Comparing the two images, you can see how more of my body is in FRONT of the line in the after and more of my body is BEHIND the line in the before. 

Now hold up, I know I know, lift heavy lift heavy. 

I did that:

That’s 315. It ain’t “a lot” but for me, it was a lot. Having long arms and long legs made deadlifting always difficult for me.

Take a look at that red line again. You can see how much of my body is BEHIND that line. Look how far my glutes are behind that line in the before vs. the after. This has everything to do with hip extension like I talked about last week. If the weight is backwards in the heels, you can’t finish hip extension. 

Look where the weight is between the before and after:

The before was way more in my heels. This lift was loading my erectors, quads and hip flexors a ton. Of course my glutes and hamstrings did something (it’s impossible for them to be inactive). But they were doing so little in comparison to my erectors, quads and hip flexor muscles. I learned how strong my erectors and quads were in relation to my core, glutes and hamstrings through Flobility. Once I leaned foward more, it really showed me how much stronger I could actually get. It was exciting.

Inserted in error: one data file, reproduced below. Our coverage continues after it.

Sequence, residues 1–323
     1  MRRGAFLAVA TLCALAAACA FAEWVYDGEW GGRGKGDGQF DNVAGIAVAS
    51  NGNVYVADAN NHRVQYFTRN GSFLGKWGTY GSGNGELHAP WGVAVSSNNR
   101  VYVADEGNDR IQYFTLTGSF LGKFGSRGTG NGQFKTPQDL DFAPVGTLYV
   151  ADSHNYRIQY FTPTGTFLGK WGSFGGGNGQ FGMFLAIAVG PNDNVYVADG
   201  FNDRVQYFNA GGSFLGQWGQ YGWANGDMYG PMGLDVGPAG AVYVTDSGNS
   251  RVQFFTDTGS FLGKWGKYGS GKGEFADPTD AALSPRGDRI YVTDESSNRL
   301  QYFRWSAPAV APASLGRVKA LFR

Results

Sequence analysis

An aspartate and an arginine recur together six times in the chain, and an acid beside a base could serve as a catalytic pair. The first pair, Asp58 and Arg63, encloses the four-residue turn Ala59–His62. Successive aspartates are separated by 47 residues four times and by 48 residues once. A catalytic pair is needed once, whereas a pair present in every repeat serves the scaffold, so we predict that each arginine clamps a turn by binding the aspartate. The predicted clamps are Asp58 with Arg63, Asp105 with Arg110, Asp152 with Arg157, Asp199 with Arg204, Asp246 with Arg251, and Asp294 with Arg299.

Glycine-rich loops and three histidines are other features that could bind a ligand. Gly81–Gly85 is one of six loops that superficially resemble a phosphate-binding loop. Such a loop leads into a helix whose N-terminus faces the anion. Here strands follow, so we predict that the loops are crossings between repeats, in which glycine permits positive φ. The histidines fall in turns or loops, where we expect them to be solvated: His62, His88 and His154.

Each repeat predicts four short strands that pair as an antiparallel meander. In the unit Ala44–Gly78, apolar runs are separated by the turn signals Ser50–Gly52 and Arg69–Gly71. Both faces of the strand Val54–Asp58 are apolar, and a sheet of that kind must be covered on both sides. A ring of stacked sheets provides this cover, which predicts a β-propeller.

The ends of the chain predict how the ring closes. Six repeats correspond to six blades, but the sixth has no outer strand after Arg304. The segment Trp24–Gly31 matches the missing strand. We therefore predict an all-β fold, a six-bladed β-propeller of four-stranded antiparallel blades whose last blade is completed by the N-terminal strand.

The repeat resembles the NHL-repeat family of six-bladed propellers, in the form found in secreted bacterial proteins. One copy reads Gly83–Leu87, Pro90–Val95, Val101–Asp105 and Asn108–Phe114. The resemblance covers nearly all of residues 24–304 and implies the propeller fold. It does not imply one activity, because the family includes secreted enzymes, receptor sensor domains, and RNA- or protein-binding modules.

And you can see how my lower back is crunching a ton going into “hip extension” which was really a hyperextension of my lower back. 

Please please do not confuse what I’m saying with hate or shaming. 

I am NOT saying lifting with your weight in your heels is “wrong”.

No no no. 

I’ve already talked about morality when it comes to how to train the human body.

At the end of the day, if someone is moving, that’s already better than not. That’s already a win. So I’m not shaming anyone that lifts in their heels. I’m not saying it’s “bad” to do so. I am simply showing you a route that changed my life and the lives of my clients in a huge way. 

It’s an option. You can continue to do whatever you want. I am simply showing you a different way. And plus, I used to do it too… If I was talking crap about lifting weights in my heels I’d be a huge hypocrite.